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Pulmonary Medicine

Pulmonary Medicine —
Pulmonary Special Procedures

Not all asthma is the same. While the majority of people with asthma can find relief with standard inhalers and oral medications, those with severe asthma require more powerful treatments. Physicians at Virginia Hospital Center are working with these patients to find the right advanced therapy.

Bronchial Thermoplasty (BT) — A Breakthrough Therapy

There are 20 U.S. Hospitals that can do more for Asthma than medicate it.
We're one of them!

Removing an appendix that's causing appendicitis? Sure.
Extracting wisdom teeth that are wreaking havoc in your mouth? Definitely.
But removing part of the smooth muscle layer of your lungs to treat severe asthma? Sounds rather drastic at first. Impossible, even.
Why would doctors alter the inner layer of your lungs? Because asthma becomes more severe when that smooth muscle layer enlarges, making it very difficult to breathe. And, like your appendix, you can live just as well - if not better - without all of it.

In May 2010, Virginia Hospital Center announced that it would be the first hospital in the United States to offer a new procedure for severe asthma patients, known as bronchial thermoplasty (BT). Approved by the U.S. Food and Drug Administration (FDA), this new procedure is intended for people whose asthma is not well controlled with inhalers and other medicines. Since 2010, 250 men and women have successfully undergone bronchial thermoplasty and are today living lives they had never dared to dream of. Dr. David Duhamel, MD, Pulmonary and Medical Associates of Northern Virginia, Ltd. at the Virginia Hospital Center, is excited about the procedure and how it can impact the lives of severe asthma patients. Learn more

Interventional Bronchoscopy (IB)

David Duhamel, MD is one of the only pulmonologists in our region performing interventional bronchoscopy (IB). As Director of the Pulmonary Special Procedures Unit, Dr. Duhamel specializes in treating conditions that obstruct the trachea and bronchi, including benign and malignant tumors, stenosis (constriction) of the airway, and scarring resulting from surgery or infection.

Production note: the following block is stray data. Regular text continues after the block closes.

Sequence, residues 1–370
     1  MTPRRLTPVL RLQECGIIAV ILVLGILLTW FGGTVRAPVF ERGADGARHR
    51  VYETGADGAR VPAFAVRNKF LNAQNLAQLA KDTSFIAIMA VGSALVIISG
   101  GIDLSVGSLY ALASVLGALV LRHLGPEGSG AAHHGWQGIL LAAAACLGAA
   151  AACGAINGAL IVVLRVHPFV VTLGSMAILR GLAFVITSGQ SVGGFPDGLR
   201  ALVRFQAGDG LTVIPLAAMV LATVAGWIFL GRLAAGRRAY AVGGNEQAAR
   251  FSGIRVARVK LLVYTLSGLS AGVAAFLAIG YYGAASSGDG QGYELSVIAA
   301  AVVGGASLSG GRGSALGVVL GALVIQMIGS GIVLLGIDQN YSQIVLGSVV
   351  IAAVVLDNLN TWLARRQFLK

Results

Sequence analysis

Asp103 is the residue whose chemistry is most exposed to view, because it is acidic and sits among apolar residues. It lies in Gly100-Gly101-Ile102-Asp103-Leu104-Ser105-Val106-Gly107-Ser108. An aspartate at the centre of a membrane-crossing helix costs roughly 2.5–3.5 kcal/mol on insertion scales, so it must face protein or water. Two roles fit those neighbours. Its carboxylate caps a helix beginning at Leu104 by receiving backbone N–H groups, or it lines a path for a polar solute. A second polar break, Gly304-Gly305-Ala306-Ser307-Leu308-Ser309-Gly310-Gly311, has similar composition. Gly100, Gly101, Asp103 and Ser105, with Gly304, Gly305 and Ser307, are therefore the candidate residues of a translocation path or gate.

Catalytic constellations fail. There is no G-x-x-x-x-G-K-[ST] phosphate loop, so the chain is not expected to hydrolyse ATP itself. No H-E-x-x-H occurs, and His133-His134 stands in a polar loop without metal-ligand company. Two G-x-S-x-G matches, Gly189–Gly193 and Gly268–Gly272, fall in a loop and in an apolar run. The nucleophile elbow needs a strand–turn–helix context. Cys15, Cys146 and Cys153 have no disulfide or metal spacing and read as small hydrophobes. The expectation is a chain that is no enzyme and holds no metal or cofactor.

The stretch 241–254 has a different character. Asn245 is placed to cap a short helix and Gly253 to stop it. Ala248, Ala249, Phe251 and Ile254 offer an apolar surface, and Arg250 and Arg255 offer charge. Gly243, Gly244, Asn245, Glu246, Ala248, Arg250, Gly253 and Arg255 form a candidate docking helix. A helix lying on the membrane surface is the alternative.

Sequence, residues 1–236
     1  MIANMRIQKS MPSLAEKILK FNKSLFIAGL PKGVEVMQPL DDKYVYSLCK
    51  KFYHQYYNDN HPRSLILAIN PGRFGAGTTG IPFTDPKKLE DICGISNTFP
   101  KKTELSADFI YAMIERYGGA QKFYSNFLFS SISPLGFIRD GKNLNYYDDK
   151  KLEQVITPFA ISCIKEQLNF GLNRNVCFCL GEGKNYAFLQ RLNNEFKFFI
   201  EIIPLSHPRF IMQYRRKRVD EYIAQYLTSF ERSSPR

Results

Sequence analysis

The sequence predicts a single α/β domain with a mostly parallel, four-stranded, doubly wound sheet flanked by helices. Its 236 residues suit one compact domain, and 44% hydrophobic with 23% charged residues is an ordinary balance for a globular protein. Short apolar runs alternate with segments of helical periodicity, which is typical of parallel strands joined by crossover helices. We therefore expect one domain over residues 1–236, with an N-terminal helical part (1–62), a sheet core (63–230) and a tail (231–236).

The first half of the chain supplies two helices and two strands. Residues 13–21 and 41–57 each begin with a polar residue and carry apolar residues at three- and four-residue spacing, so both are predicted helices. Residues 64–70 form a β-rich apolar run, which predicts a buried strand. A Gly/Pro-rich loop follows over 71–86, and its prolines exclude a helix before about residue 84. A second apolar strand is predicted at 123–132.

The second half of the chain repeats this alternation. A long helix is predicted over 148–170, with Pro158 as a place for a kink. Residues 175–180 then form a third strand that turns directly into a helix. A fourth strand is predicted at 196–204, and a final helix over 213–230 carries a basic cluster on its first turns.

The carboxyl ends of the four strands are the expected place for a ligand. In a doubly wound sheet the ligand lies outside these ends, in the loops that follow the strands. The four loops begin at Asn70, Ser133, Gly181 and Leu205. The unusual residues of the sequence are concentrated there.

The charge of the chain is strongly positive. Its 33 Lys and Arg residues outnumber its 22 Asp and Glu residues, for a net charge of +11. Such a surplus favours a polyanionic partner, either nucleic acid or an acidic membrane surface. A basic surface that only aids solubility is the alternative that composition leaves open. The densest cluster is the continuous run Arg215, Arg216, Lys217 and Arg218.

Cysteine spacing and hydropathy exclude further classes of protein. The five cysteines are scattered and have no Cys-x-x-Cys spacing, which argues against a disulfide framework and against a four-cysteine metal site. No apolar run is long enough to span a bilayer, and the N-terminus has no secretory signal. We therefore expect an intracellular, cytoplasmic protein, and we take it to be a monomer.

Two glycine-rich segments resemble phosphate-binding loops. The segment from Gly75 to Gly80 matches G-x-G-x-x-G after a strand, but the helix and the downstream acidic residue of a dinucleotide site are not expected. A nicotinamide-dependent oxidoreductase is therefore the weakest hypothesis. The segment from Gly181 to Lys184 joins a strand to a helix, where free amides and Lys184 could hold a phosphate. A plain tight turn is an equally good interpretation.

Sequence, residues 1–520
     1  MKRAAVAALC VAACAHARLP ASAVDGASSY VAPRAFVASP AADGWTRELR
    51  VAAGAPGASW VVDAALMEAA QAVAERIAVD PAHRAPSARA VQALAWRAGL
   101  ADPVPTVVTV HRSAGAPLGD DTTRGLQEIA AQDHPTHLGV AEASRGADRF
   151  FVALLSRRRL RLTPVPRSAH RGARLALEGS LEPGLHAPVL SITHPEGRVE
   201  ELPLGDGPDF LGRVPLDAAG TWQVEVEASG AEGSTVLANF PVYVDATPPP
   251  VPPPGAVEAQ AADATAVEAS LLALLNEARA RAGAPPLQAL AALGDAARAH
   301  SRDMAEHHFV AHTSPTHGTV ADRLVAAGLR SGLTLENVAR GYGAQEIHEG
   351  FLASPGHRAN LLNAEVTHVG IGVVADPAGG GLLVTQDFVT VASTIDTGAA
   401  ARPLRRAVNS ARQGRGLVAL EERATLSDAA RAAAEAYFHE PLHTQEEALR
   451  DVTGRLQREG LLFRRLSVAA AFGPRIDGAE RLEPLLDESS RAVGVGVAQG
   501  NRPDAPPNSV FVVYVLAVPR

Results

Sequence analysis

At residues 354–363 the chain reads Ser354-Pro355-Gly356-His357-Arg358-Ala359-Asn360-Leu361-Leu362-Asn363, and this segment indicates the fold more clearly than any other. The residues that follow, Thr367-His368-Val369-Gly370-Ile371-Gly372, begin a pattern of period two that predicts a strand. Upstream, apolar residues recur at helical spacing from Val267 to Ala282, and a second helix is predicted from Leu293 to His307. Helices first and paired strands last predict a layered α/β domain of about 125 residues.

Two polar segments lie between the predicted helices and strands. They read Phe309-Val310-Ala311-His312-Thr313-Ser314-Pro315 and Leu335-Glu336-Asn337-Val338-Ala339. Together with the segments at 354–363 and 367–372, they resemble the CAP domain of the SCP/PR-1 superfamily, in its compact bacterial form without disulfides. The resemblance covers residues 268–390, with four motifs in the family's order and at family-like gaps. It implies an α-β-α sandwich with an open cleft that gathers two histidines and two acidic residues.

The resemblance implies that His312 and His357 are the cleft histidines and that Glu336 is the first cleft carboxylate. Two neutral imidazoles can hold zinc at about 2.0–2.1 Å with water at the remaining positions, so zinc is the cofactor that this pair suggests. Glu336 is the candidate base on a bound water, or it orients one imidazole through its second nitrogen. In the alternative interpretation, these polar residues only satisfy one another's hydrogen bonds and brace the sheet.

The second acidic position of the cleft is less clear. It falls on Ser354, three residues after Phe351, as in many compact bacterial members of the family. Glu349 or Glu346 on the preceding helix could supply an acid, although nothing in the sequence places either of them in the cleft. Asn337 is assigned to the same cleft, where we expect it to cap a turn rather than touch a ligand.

Patients suffering from cancer of the bronchial tubes or trachea are more likely to die from an inability to breathe than from the cancer itself. Now this complication can be alleviated through a revolutionary procedure known as interventional bronchoscopy. While the patient is under general anesthesia, a tube-like instrument called a "rigid bronchoscope" is inserted into the airway, through which a tiny laser tool is delivered to the site of the tumor. The laser stops the blood supply to the tumor through a process of "photocoagulation" and the tumor is removed. To prevent the airway from subsequently collapsing, a small plastic device called a stent is inserted, providing a form of scaffolding for the bronchial passage. In cases of malignancy, removal of the tumor is often followed by radiation or chemotherapy.

Interventional bronchoscopy also has applications beyond cancer treatments. The procedure can be used to remove scar tissue—resulting from bronchial infection, tracheotomy or surgical intubation—that may be obstructing an airway.


Another procedure in Dr. Duhamel's arsenal is brachytherapy, a similar treatment which delivers localized radiation to the site of a tumor through a catheter, thus protecting healthy lung tissue from unnecessary radiation exposure.

Interventional Bronchoscopy and Brachytherapy are not curative treatments for cancer, but they can significantly enhance quality of life for patients living with the disease by eliminating the need for ventilators.

Biological Medication: NUCALA® and XOLAIR®

Virginia Hospital Center is on the forefront of a new wave of treatment options for patients who have severe asthma. These new treatments include immunomodulators—monoclonal antibodies, also known as biological medication. They act by directly changing the behavior of the immune system. Read more


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